Roll back the Bank of England

In: Uncategorized

17 Feb 2014

All the talk about how the Bank of England should best pursue forward guidance has missed the bigger picture. The ever-greater powers assumed by the Bank in recent years represent an abnegation of democracy. This trend is objectionable in principle and damaging in practice.

The rot had already started to become apparent back in 1997 when the newly elected Labour government announced that the Bank would be made operationally independent. In practice this meant that the Bank’s Monetary Policy Committee would set interest rates albeit unde framework drawn up by politicians.

Back then the move was widely welcomed as insulating the Bank from political pressures. But that was precisely the problem with it. The link between the electorate and the pursuit of monetary policy had been severed. Relatively few observers probably even remember the days when the Treasury, under the direct control of an elected minister, set rates.

However, in recent years the Bank has taken on yet more powers. With the advent of the economic crisis the Bank took on a new range of monetary tools including quantitative easing, funding for lending and, most recently, forward guidance. It has also taken on responsibility for financial stability as well as monetary policy. Vast swathes of economic policy that were once the preserve of politicians are now under the control of technocrats.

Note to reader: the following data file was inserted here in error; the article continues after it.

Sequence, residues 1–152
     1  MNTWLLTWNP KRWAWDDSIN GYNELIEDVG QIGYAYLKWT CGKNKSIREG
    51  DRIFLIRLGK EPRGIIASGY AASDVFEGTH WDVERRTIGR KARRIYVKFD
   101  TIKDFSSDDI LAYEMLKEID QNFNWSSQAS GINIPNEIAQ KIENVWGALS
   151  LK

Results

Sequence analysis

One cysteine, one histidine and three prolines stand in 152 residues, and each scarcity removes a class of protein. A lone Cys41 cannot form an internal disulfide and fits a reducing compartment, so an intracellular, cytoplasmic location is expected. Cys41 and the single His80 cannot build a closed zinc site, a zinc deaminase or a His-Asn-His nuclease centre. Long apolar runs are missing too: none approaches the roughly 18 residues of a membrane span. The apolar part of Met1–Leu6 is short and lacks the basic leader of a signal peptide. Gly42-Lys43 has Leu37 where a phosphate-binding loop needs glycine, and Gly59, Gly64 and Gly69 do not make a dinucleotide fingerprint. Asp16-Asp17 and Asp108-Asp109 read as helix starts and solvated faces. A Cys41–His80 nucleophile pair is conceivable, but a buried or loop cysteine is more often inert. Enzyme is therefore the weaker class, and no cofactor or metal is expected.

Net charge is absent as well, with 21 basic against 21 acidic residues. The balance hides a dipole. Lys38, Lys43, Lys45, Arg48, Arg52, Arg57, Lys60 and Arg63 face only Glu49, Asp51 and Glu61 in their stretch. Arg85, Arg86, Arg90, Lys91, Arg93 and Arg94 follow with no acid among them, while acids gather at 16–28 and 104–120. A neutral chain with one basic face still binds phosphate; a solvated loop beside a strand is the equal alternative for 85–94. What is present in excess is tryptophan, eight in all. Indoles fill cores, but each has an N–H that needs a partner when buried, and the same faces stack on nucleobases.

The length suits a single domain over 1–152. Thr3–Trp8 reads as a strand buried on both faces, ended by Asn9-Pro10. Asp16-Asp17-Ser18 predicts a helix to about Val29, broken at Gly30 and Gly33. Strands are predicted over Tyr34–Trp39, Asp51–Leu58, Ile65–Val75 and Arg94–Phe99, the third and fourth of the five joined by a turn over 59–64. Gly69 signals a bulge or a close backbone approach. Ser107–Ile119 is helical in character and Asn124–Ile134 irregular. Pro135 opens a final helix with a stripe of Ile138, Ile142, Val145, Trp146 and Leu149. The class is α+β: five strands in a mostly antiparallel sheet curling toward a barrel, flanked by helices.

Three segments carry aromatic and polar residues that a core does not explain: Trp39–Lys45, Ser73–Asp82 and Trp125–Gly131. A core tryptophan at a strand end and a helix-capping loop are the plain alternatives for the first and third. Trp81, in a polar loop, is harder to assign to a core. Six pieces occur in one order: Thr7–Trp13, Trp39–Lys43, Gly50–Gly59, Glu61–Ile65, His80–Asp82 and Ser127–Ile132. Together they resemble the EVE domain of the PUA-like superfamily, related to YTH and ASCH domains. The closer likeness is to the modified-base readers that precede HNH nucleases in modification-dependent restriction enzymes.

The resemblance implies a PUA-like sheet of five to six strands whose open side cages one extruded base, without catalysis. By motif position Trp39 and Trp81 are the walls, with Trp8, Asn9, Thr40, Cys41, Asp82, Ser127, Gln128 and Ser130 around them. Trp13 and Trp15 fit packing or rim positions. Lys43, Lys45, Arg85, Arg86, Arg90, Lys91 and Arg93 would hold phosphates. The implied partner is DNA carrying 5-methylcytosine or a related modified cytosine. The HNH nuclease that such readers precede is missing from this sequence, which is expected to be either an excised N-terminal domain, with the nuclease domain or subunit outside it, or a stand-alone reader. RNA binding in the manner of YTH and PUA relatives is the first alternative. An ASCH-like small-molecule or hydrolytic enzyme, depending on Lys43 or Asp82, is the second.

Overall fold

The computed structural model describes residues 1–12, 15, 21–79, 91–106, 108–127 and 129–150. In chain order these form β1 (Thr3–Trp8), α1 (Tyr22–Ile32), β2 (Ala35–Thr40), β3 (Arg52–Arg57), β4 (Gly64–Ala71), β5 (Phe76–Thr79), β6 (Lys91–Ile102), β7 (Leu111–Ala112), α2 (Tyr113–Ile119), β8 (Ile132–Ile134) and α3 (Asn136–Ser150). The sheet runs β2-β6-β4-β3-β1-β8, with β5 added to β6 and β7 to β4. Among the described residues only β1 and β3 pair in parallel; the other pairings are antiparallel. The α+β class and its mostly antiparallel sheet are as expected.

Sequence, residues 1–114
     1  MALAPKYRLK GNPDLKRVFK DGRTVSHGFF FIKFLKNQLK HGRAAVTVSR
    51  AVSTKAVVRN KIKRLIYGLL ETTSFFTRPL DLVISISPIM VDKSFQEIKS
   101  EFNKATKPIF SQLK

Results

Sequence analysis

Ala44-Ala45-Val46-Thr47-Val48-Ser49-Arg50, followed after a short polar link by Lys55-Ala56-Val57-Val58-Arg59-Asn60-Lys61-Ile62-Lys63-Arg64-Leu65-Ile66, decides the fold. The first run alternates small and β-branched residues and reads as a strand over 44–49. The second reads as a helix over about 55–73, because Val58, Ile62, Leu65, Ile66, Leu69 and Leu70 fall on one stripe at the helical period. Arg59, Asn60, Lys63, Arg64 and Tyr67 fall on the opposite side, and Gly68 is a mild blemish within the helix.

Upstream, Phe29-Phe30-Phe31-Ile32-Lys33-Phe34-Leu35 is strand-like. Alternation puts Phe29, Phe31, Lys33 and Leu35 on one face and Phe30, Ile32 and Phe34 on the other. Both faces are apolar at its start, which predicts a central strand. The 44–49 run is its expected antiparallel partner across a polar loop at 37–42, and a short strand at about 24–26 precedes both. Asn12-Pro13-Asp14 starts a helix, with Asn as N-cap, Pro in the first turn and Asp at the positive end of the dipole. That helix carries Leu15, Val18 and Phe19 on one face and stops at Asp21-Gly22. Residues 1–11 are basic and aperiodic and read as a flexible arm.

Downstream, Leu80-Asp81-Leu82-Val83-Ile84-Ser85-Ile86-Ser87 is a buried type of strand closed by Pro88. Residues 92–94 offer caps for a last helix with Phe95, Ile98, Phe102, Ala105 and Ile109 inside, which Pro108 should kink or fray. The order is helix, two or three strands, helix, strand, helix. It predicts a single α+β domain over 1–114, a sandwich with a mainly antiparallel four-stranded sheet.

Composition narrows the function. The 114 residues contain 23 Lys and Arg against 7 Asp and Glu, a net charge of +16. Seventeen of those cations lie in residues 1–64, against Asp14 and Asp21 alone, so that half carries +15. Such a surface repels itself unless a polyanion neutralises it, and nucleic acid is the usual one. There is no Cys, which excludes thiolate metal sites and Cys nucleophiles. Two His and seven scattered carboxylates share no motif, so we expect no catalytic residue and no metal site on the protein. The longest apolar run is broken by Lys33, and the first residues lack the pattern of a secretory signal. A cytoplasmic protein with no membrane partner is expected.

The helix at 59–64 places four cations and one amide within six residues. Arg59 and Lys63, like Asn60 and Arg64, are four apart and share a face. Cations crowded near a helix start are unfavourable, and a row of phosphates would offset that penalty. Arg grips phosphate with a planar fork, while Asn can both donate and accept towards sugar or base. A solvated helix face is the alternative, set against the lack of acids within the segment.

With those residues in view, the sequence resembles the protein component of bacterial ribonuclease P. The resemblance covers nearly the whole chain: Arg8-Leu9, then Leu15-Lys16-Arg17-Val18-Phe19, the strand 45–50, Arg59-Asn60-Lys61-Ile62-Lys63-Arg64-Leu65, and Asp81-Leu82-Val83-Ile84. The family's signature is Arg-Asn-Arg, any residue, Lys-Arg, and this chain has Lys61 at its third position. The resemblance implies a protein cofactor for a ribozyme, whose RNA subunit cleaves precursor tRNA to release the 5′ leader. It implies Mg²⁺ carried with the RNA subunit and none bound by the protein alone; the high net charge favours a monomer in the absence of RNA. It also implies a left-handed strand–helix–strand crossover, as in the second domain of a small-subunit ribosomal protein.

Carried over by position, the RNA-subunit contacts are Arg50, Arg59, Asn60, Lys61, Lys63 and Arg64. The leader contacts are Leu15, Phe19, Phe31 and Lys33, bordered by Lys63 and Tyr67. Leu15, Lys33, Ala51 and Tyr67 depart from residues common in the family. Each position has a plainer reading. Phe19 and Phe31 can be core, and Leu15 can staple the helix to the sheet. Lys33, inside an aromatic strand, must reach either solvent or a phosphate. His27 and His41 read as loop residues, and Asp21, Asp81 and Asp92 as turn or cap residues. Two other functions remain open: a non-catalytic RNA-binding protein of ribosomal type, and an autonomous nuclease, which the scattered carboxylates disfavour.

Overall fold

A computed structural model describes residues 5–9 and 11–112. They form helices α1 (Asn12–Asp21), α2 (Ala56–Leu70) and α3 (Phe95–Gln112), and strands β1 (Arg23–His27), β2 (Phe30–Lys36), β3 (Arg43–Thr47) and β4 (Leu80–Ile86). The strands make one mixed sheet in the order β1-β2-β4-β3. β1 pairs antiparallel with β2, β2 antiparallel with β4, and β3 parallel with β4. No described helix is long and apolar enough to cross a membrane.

Ironically the growing remit of the Bank is not the result of any conspiracy on its part. On the contrary, Bank officials have sometimes seemed reluctant to enter new areas. It is rather the result of the abdication of responsibility by politicians. Elected leaders no longer feel confident in their ability to manage important areas of economic policy. As a result they have handed ever more powers to the Bank.

It should be clear why this trend is undesirable in principle. In a democracy the electorate should have as much control as possible over policy. The role of technocrats, such as officials at the Bank, should simply be to give expert advice.

The fact that the growing power of the Bank has encountered little resistance points to a disturbing development. Even elected politicians tend to take a dim view of the electorate. They assume that the public will always take a narrow and short-termist view on key matters.

But the growing power of the Bank is undesirable in practice as well as principle. That is because truly democratic institutions should provide a transmission mechanism through which politicians glean knowledge of what is happening in the wider world.

Elected politicians can also be held to account by the public. If they are perceived to have made serious mistakes they can be voted out at the next election. That keeps politicians on their toes and ensures the electorate has a stake in participating in the political process.

Better that the most venal politician makes economic policy than the smartest technocrat.

This comment was first published today on Fundweb.